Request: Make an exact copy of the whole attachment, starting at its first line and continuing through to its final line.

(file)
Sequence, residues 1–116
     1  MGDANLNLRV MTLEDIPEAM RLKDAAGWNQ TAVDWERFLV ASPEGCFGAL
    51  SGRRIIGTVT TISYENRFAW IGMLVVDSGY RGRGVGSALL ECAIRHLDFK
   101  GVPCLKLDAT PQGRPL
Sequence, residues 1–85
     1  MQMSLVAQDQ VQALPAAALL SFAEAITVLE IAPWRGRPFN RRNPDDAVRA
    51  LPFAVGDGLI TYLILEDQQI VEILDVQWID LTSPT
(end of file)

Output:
Sequence, residues 1–116
     1  MGDANLNLRV MTLEDIPEAM RLKDAAGWNQ TAVDWERFLV ASPEGCFGAL
    51  SGRRIIGTVT TISYENRFAW IGMLVVDSGY RGRGVGSALL ECAIRHLDFK
   101  GVPCLKLDAT PQGRPL
Sequence, residues 1–85
     1  MQMSLVAQDQ VQALPAAALL SFAEAITVLE IAPWRGRPFN RRNPDDAVRA
    51  LPFAVGDGLI TYLILEDQQI VEILDVQWID LTSPT